The Lebanese banks have lost an estimated $80 billion as result of agreeing to loans to the government in ever increasing amounts without diversifying their own investments to buffer themselves against risk.

The government has been borrowing extensively at home and abroad for years to offset its budget deficit, expecting the banks to cover it.

Lebanon depends on imports for more than 80 per cent of its food, energy, and medicine. Its ruling elites have entrenched the deterioration in public services in order to encourage private sector firms to fill the gaps and reap kickbacks and commissions in exchange for securing lucrative contracts.

The result has been a system of economic fiefs to accompany the quota system that defines the shape of government. To finance such deals the government has borrowed even more, relying on influxes of money from abroad eager to take advantage of the incentives the Lebanese banks could offer.

But this money quickly turned tail and fled at the lira’s first serious stumbling, leaving small and medium-sized depositors in an almost daily struggle to pry some of their savings from the banks.

The economic impacts of the Covid-19 pandemic have compounded the suffering, with lockdowns and other measures leading to the suspension or slowdown of economic activities that depend primarily on small and medium-sized companies.

These have been forced to lay off workers, and unemployment levels have reached 40 per cent, especially among young people. Some 60 per cent of the Lebanese labour market is informal and therefore insecure. The poverty rate has soared to 82 per cent in tandem with the erosion of the country’s middle classes.

According to a recovery plan recommended by the International Monetary Fund (IMF) when it signed a preliminary agreement with Lebanon in April, the government was supposed to control the circulation of capital to keep it from being spirited abroad or feeding a growing black market.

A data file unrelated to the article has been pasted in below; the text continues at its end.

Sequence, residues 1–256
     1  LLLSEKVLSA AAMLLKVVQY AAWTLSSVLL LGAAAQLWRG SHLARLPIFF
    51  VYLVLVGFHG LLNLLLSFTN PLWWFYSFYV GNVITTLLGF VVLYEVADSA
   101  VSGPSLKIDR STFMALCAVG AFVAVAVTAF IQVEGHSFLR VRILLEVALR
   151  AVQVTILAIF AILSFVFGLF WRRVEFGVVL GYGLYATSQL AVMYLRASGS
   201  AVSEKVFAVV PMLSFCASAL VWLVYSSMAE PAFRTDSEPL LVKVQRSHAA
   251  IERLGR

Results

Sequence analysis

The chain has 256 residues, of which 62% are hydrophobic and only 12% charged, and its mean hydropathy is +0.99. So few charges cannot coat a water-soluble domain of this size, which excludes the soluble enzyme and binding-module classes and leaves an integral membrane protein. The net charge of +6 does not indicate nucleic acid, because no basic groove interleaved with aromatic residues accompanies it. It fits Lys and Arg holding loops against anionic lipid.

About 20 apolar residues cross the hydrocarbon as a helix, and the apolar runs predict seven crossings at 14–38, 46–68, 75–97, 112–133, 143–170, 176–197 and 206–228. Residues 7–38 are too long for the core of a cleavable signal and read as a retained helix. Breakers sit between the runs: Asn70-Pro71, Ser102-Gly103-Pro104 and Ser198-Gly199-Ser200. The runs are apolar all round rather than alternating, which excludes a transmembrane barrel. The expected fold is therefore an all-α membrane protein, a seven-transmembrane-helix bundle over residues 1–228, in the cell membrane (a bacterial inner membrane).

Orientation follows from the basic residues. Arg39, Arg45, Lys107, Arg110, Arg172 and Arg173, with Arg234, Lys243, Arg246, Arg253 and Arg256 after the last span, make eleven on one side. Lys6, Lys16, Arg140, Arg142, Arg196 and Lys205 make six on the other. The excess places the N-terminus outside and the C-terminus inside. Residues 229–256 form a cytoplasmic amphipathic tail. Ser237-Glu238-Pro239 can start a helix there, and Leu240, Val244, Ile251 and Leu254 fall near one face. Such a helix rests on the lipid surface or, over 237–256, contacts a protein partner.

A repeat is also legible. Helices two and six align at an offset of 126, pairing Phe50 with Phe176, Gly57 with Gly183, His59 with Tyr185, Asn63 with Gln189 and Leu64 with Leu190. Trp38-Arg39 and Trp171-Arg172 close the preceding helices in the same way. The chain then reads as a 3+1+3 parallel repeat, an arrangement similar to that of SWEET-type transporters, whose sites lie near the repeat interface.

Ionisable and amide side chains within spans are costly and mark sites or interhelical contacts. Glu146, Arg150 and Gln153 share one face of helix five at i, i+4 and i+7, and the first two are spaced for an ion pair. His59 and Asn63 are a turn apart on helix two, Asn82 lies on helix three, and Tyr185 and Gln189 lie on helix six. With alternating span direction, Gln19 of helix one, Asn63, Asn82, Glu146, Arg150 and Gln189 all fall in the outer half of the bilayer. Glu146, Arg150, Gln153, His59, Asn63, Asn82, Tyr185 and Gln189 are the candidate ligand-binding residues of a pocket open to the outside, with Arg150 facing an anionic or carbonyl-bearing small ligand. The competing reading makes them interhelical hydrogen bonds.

Other laws were to aim at budgetary reform, remedying infrastructural defects in energy and transportation, and restructuring the banking sector in order to enable an equitable distribution of losses between depositors, bank owners, and the government.

However, in view of the complexity, difficulty, and long duration of such a process, the country’s political elites have been unable to develop a plan for comprehensive administrative and financial reform in order to salvage the Lebanese economy.

Lebanon’s parliament was not able to approve the 2022 budget, with MPs saying that the government had not provided for the structural reforms recommended by the IMF and economic experts.

Meanwhile, Lebanon’s electricity crisis has worsened due to rising fuel costs, with the government being unable to provide enough electricity to cover a working day. The judiciary has been on strike since August because of the erosion of salaries paid in lira and deteriorating work conditions in court buildings due to frequent power cuts and infrastructural problems.

As a result, depositors contemplating using a gun to withdraw their money from their bank have felt confident that no judge would issue a warrant for their arrest and no prosecutors would be around to investigate them.

Lebanon’s declining standards of living, economic doldrums, lack of transparency and other ingrained problems persist unabated. The country’s ruling elites are unable to take routine actions such as forming a government or passing an annual budget or even electing a new president before the incumbent’s term ends.

For many, Lebanon is heading into the unknown, not just politically and economically but also in terms of security. Perhaps the inability to secure the banks and other vital facilities may be the least of the country’s worries.

   *A version of this article appears in print in the 22 September, 2022 edition of Al-Ahram Weekly.